Let go of the vine! An interview with EAIE Conference speaker Sebastian Terry

Let go of the vine! An interview with EAIE Conference speaker Sebastian Terry

Sebastian Terry, the brains (and brawn) behind the ‘100 Things’ campaign, a global movement of people chasing their dreams and helping others to do the same, flew from his native Australia into Prague to deliver a rousing keynote speech (barefoot!) at the Closing Plenary of the 2014 EAIE Conference. If you missed it, here’s an insight into the campaign and the man behind it all.

What was the hardest challenge you’ve done so far?

All of the items from my list are challenging but funnily enough, for all of the gruelling physical challenges I’ve completed I actually found Number 72: Stay Awake for 72 hours the hardest! It’s no wonder that sleep deprivation has been used as a form of torture but thankfully I managed to line up a variety of fun activities to help me get through. The mental battles were huge!

How do you plan to carry out point number 5 on your list: save a life?

I always thought that this item would be left up to fate, ie that I might randomly walk past someone drowning in a pool and jump in to save them, but more recently I’ve been looking at the prospect of donating a kidney. I’ll keep you posted but at the moment I’m open to suggestions too.

How long do you plan to continue your campaign? Is there an end goal, or has it become a way of life?

100 Things is now a way of life. What started out as a very personal journey to pursue happiness has now turned into something far bigger than just me. I’ve found that this journey now acts as a positive catalyst for people to not only identify and achieve their own goals but to also connect with complete strangers to help them out. The stories are life changing for people around the world. I could not stop this journey if I tried and I’m now driven by the idea of helping people to help people. This will keep evolving for a long time to come and I couldn’t be more proud.

Do you ever see yourself having a regular office job?

I don’t think so. I have nothing against that type of vocation but I’ve found that my passion and purpose lie outside of an office job and I’d be a fool to pursue anything other than what I see as this style of living.

You said that you left university with large debts, confused about the future. Do you ever wonder if you should have gone to university at all?

Everyone is different and so university can be the most fantastic opportunity and career progression for one person or the complete opposite for another, ie like it was for me. I look back at my university degree though and see that it was a great catalyst for me to move in another direction. Sometimes we need to experience something of a less fulfilling nature so that we understand that we need to change. In this sense, university was great!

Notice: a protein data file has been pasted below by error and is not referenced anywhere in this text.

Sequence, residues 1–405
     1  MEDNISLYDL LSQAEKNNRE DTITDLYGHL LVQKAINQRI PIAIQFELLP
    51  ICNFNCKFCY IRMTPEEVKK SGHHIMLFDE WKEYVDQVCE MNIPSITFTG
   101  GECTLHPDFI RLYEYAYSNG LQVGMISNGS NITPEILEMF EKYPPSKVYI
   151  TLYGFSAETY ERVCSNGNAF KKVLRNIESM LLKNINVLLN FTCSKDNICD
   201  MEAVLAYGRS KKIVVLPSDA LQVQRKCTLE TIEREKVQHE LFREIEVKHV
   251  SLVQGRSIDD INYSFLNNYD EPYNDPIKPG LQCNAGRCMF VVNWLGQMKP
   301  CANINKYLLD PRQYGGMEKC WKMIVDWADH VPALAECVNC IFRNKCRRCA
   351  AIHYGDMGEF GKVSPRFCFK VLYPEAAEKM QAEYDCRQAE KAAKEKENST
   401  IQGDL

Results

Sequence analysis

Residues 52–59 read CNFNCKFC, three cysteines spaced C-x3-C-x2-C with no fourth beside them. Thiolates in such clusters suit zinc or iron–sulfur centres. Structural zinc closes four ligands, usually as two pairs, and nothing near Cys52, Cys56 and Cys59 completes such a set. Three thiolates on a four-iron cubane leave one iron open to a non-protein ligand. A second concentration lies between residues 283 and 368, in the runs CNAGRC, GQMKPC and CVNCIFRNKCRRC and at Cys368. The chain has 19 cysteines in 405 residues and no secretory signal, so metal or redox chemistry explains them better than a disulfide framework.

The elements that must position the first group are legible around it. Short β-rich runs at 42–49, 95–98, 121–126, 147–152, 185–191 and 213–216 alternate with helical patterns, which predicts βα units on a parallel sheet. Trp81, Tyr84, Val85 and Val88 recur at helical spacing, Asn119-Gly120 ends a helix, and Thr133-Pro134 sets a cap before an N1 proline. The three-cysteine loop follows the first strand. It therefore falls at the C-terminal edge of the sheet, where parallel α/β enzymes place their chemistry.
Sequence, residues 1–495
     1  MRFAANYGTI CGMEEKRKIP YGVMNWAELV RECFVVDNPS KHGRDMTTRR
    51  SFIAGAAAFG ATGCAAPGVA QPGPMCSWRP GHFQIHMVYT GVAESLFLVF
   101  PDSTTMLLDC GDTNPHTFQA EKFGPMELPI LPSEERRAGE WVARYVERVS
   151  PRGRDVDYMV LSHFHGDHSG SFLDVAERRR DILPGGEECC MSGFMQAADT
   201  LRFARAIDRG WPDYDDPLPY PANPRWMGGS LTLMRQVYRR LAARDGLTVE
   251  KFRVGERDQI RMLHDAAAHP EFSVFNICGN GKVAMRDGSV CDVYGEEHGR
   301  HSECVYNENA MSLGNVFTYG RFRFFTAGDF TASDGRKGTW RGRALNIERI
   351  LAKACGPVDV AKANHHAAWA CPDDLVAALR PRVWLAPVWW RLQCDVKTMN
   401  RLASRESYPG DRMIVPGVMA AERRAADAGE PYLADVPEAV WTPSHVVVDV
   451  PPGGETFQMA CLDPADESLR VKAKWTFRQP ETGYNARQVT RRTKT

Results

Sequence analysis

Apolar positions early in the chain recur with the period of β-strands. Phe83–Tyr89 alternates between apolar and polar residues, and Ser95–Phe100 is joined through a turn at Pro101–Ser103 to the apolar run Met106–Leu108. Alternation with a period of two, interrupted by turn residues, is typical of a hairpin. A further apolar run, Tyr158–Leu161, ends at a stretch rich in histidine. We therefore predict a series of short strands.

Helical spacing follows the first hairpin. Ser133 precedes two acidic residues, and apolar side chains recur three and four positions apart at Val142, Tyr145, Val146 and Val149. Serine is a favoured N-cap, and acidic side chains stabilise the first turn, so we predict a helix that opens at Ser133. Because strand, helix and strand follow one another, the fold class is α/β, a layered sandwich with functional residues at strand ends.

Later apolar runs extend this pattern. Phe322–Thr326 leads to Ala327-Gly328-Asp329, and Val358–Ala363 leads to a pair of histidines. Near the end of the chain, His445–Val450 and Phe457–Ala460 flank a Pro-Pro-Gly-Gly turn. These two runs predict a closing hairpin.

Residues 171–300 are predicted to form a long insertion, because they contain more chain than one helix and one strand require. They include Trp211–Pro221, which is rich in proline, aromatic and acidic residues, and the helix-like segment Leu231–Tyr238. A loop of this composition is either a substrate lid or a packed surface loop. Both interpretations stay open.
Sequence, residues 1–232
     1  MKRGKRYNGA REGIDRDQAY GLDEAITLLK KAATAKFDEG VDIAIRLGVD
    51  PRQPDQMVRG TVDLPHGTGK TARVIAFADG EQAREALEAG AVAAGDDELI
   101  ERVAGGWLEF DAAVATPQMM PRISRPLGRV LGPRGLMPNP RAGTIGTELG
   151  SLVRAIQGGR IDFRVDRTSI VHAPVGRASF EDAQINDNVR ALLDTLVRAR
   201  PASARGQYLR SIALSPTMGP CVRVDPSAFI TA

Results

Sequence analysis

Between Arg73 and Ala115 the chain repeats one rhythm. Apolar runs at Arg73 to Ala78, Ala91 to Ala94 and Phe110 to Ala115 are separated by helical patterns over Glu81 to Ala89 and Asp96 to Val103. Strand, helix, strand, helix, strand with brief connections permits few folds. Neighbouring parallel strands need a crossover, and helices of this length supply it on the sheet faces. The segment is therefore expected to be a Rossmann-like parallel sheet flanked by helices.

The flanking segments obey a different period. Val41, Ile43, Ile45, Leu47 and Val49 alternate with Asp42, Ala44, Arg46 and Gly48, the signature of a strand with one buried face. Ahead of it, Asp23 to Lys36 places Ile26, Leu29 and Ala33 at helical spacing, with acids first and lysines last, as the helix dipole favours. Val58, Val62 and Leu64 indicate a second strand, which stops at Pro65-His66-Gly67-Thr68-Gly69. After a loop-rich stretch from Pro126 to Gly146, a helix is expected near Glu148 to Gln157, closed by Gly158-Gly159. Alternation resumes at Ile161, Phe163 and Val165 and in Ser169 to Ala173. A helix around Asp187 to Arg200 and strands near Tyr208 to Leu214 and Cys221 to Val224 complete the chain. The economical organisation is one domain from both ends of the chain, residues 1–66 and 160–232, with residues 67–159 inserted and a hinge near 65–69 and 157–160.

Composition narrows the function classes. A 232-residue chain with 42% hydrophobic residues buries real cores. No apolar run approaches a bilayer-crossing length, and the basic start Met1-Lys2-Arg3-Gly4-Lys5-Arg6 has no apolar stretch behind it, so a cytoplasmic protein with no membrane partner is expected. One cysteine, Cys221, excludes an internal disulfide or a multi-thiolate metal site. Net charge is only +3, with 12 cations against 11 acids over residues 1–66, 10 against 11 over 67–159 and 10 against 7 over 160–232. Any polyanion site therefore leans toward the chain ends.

Do you think students can learn useful ‘life’ skills at university?

I think so yes. My belief is that you can learn life skills in everything you do. The key is being open minded. There’s no doubt that university offers many positive skills for life in general from hard work and dedication to socialising and managing pressure, but personally I would say that travel taught me many more life skills.

Your campaign has taken you to many countries, and you must have come across so many different nationalities and cultures. What have you learned from all your international experiences?

People are amazing. No matter where I’ve gone and what I’ve done, I’ve always seen the brilliance and good in people. From living on the streets of Sydney for one week to living with a Masaai Tribe on top of a volcano in Kenya, I’ve seen that human connection and respect makes the world spin more so than anything else that I’ve witnessed. I’ve seen generosity from people who have nothing and I’ve seen happiness in areas of war. A simple smile transcends any language barrier and I believe that everyone on the planet has an innate desire to help out a fellow human. People are brilliant.

What advice would you give to someone contemplating something out of the ordinary, ie a new challenge in their own life?

It all starts with understanding your values. Once we give ourselves permission to consider who we are on a primal level, we can use that realistion to create a meaningful dream/goal/list. Once that’s done we may find that a change is needed and often this seems confronting but with a full understanding of why we want to change, the decision to pull the trigger and achieve your goals becomes an easy one to make. Sometimes to swing from vine to vine we must at one point let go. Try it once and you’ll see that you’re capable of anything!